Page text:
Running the Logitech Media Server on a Raspberry Pi

In this tutorial, we will show you how to run the Logitech Media Server on a Raspberry Pi.

Raspberry Pi Logitech Media Server

Logitech Media Server, now known as Lyrion Music Server (LMS), is an audio streaming server for Squeezebox devices that you can run off a Pi. This media server has gone through a few different names over the years, starting off as Squeezebox server. It was called this as it was the key method for streaming audio to the Squeezebox series of network music players.

This audio server allows you to stream music over your network to compatible devices and features support for most audio codecs. With the use of plugins, this Squeezebox server can be extended to stream music from music services and internet radio stations.

Setting up your Raspberry Pi with the Logitech Media Server is a great way to revive the Squeezebox series of audio players. The Pi is the perfect choice for this as it consumes relatively little power.

Even if you don’t own a Squeezebox music player, you can still use this music server by using its web interface or by setting up a Squeezebox emulator such as SqueezePlay.

While originally developed by Logitech, this music server has continued to be improved and developed by a dedicated community.


Below is a list of the equipment we used to set up the Logitech Media Server on our Raspberry Pi.



This tutorial was last tested on a Raspberry Pi 5 running Raspberry Pi OS Bookworm 64-bit.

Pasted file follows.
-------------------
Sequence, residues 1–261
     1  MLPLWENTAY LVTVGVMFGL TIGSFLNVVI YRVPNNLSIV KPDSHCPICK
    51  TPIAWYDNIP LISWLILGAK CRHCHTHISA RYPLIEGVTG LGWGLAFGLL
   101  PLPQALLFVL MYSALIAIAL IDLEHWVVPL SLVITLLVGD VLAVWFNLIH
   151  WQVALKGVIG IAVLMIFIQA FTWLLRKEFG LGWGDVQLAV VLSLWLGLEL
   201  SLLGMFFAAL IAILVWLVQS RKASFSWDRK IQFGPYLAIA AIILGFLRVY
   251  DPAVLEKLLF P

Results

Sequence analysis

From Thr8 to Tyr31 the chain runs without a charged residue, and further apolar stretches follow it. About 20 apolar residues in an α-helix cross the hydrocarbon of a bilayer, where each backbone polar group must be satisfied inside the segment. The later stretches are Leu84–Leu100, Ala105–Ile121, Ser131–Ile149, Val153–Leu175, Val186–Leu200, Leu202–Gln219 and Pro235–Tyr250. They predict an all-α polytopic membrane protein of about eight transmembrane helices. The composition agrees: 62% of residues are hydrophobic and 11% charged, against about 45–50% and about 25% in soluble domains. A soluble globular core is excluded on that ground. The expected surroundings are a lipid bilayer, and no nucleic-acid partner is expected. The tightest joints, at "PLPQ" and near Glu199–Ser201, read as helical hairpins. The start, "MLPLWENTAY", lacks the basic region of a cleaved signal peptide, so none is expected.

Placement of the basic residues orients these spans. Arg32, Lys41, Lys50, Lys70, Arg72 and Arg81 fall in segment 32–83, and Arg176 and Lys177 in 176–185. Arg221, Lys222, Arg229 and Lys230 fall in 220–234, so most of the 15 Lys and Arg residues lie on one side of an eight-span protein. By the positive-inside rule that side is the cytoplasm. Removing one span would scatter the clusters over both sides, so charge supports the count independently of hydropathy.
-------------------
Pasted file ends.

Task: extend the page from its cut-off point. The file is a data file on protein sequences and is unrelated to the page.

Installing and Running Logitech Media Server on the Raspberry Pi

In the following sections, we will walk you through setting up the Logitech Media Server (LMS) on your Raspberry Pi.

For these steps, we are using the terminal. If you are running a desktop version of Raspberry Pi OS, you can open the terminal by pressing CTRL + ALT + T on your keyboard.

Before proceeding any further, you may want to have your music libraries already set up on your Pi. If you have these on an external drive, then consider following our guide on mounting drives.

You may also want to improve this guide further by setting up a SAMBA share.

Preparing your Raspberry Pi

1. Before we set up the Logitech Media Server on your Raspberry Pi, you will want to ensure your operating system is up to date.

You can update the package list cache and upgrade any out-of-date packages using the following two commands.

sudo apt update
sudo apt upgrade -y

2. After updating your Pi, you must install the packages we require to run the Squeezebox software. There isn’t a huge number of tools we require to install the media player, mainly we require “wget” and the “libcrypt-openssl-rsa-perl” packages.

Anything else we require should be installed when we install the server itself.

sudo apt install wget libcrypt-openssl-rsa-perl

Downloading and installing the Logitech Media Server to your Raspberry Pi

3. We have now prepared your Raspberry Pi and can move on to downloading the Logitech Media Server. The version we have linked in the command below might be different from the latest version of the server. You can find newer builds by going directly to the Lyrion Music Server website.

To easily download the media server, use the following command within the terminal.